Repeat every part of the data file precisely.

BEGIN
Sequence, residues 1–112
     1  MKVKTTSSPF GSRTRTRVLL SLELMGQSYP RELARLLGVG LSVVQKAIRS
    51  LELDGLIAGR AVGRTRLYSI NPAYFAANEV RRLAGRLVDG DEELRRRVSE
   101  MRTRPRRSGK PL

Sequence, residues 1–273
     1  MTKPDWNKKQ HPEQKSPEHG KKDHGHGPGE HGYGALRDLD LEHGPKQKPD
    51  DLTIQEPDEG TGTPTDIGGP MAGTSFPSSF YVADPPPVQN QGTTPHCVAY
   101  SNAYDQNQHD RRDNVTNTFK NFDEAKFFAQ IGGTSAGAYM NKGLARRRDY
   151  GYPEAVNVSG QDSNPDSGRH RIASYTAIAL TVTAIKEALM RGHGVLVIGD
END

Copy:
Sequence, residues 1–112
     1  MKVKTTSSPF GSRTRTRVLL SLELMGQSYP RELARLLGVG LSVVQKAIRS
    51  LELDGLIAGR AVGRTRLYSI NPAYFAANEV RRLAGRLVDG DEELRRRVSE
   101  MRTRPRRSGK PL

Sequence, residues 1–273
     1  MTKPDWNKKQ HPEQKSPEHG KKDHGHGPGE HGYGALRDLD LEHGPKQKPD
    51  DLTIQEPDEG TGTPTDIGGP MAGTSFPSSF YVADPPPVQN QGTTPHCVAY
   101  SNAYDQNQHD RRDNVTNTFK NFDEAKFFAQ IGGTSAGAYM NKGLARRRDY
   151  GYPEAVNVSG QDSNPDSGRH RIASYTAIAL TVTAIKEALM RGHGVLVIGD